iPhone X Animoji at the heart of trademark lawsuit against Apple

JC Torres - Oct 20, 2017, 3:17 am CDT
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iPhone X Animoji at the heart of trademark lawsuit against Apple

The animoji is perhaps the most frivolous and most whimsical demonstration of what is actually a pretty complex and sophisticated feature. And yet, it might also become one of the most popular features of the iPhone X. That is, unless this lawsuit manages to mess it all up. A Japanese company is suing Apple over the use its trademark, registered in 2014, alleging that the company was not only aware of the trademark but even tried to buy it off the owners.

The plaintiffs emonster k.k. and Enrique Bonansea, a US citizen based in Japan. According to the lawsuit, the trademark for “Animoji” was registered in 2014 and was granted in 2015. Animoji was then used as the name of an iOS app that allowed users to embed simple animated emojis in instant messages or even email.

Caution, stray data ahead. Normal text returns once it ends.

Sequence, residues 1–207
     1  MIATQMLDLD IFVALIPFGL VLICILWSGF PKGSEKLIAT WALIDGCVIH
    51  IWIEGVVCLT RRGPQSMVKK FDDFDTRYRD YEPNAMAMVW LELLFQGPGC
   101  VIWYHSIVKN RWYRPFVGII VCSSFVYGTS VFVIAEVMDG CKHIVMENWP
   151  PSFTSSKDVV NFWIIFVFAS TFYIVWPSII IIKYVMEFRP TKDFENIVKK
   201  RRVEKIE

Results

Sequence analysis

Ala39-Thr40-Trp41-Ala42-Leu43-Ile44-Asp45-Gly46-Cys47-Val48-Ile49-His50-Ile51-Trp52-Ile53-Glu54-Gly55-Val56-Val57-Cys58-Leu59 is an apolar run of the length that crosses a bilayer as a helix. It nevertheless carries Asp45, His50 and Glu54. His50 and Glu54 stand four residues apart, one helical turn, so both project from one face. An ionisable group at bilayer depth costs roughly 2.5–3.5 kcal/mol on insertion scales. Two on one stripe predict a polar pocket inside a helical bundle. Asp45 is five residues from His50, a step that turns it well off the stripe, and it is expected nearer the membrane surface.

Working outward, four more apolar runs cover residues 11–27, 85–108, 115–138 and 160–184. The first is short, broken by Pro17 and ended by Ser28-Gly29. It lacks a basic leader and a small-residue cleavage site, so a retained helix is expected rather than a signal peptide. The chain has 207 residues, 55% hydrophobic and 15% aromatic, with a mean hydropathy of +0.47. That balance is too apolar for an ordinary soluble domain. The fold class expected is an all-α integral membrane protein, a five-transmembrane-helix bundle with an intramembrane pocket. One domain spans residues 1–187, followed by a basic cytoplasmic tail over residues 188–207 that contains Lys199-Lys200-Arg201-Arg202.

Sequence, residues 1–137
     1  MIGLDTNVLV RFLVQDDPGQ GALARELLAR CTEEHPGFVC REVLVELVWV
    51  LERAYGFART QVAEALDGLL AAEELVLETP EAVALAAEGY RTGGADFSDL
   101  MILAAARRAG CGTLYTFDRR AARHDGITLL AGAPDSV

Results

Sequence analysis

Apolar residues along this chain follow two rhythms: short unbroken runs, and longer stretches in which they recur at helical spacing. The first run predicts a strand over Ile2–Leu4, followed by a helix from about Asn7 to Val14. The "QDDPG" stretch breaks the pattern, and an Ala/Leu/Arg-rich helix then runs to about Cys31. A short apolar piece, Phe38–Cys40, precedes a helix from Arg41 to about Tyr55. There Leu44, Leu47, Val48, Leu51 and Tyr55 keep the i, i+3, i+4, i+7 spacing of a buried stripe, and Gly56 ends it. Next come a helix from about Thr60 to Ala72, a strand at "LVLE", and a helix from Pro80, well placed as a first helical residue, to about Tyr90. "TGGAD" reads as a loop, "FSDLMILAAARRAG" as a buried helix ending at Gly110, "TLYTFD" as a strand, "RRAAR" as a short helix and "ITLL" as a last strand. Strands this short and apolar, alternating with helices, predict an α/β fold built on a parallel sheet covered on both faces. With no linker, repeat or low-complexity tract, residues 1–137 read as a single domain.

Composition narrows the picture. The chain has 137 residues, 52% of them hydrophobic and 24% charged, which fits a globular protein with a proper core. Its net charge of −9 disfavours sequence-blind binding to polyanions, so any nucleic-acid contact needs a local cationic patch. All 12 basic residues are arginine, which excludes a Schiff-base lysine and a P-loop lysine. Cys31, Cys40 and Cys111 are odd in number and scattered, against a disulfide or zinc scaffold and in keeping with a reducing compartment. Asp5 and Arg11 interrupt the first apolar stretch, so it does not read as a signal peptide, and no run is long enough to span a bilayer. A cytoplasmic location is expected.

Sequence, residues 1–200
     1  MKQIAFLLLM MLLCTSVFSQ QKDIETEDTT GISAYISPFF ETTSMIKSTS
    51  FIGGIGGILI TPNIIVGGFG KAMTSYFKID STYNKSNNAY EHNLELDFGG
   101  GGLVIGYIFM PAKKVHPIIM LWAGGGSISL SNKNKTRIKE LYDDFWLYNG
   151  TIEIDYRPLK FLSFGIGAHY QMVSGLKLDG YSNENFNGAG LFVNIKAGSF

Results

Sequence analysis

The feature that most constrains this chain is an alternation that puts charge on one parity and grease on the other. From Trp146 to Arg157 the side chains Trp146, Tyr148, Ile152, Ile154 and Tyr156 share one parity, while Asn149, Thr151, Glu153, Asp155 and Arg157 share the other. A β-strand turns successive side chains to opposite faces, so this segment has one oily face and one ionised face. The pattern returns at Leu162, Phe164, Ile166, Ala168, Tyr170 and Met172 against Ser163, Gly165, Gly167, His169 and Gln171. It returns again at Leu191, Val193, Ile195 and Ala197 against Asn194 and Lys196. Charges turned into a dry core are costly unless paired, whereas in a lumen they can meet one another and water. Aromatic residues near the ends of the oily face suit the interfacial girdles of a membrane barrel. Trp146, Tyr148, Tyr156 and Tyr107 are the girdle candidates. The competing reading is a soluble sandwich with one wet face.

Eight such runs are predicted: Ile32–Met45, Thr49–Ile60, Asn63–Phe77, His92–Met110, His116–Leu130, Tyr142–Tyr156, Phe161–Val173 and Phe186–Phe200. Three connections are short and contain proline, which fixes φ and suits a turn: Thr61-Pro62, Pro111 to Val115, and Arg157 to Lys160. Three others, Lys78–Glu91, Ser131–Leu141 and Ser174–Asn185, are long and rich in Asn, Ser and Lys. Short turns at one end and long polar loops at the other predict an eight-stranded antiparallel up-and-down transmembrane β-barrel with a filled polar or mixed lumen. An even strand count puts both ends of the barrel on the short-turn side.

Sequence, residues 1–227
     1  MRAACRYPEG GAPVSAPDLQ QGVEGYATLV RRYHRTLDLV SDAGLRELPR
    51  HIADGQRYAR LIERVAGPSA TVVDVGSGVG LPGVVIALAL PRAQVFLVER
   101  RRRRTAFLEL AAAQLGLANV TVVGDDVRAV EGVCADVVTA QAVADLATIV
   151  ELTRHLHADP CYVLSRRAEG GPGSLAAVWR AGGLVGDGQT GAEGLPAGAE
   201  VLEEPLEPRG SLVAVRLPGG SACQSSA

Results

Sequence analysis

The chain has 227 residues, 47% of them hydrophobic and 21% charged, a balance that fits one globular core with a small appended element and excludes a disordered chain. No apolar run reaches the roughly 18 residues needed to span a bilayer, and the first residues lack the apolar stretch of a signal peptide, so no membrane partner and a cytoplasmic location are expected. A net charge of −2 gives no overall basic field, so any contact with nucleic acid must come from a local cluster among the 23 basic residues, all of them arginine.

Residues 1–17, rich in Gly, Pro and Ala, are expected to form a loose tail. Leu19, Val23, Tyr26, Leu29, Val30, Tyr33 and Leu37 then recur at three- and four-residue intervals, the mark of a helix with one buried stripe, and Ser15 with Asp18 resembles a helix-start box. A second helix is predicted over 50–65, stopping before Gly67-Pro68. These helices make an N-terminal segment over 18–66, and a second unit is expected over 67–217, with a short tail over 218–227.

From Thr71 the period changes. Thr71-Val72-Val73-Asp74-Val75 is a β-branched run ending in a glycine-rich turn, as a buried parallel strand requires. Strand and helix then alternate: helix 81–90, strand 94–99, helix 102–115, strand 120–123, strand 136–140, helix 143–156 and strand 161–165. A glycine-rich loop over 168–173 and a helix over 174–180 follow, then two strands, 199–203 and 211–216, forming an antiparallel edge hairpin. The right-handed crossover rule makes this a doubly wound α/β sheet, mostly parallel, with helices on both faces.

The fact that the iTunes App Store approved an app named “Animoji” already implies that Apple should have been aware of the existence of the name and, consequently, the trademark. emonster and Bonansea, however, assigns even more willful violation to Apple. It says that Apple tried to buy the property just last summer, using “fronts” like the Emoji Law Group. emonster also claims that those fronts threatened to file cancellation proceedings if emonster didn’t agree.

Of course, there is no evidence linking Apple to such fronts, though it is more or less common knowledge. However, Apple did file for a cancellation of the trademark last September, arguing that the company “emonster inc” didn’t exist back in 2014.

The lawsuit, however, insists that Washington-based emonster inc and Tokyo-based emonster k.k. acted as a single commercial enterprise when they filed the trademark. emonster inc was later dissolved and emonster k.k. filed for a technical correction. It was, however, rejected because Apple already filed for a cancellation.

At the moment, the fate of the Animoji name remains in legal limbo, even as the iPhone X is yet to ship. Given how obscure and limited Animoji will be anyway, there might still be time for Apple to change course. Then again, this is Apple, after all.

VIA: Apple Insider


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